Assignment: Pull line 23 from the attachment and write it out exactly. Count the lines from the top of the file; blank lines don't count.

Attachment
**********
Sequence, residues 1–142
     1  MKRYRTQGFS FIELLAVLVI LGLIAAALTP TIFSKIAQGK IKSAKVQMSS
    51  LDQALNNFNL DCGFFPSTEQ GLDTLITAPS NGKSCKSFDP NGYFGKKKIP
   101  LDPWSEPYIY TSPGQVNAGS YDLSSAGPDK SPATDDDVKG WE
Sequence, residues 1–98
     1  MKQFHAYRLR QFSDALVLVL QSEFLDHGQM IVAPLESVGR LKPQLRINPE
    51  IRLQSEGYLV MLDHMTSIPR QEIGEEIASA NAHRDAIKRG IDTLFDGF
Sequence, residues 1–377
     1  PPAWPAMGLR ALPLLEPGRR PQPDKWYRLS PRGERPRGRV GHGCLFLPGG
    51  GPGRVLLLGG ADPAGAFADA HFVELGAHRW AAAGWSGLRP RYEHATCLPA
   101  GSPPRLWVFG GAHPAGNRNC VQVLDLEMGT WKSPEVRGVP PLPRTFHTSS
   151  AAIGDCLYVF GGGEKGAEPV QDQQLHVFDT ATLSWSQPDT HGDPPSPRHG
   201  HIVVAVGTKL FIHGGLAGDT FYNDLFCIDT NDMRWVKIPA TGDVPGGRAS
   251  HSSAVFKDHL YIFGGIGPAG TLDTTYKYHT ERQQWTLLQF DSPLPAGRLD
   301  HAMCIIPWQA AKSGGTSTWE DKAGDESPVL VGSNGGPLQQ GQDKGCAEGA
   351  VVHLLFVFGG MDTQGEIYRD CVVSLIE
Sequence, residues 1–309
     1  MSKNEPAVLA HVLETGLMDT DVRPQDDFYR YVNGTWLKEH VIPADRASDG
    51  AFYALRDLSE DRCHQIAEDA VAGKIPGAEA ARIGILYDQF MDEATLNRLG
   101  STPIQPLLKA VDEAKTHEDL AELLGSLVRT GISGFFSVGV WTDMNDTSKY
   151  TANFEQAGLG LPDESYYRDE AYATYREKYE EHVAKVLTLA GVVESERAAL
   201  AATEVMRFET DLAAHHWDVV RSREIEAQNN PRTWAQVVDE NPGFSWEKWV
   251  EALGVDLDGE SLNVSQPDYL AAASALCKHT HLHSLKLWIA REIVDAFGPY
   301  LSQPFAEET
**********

   251  EALGVDLDGE SLNVSQPDYL AAASALCKHT HLHSLKLWIA REIVDAFGPY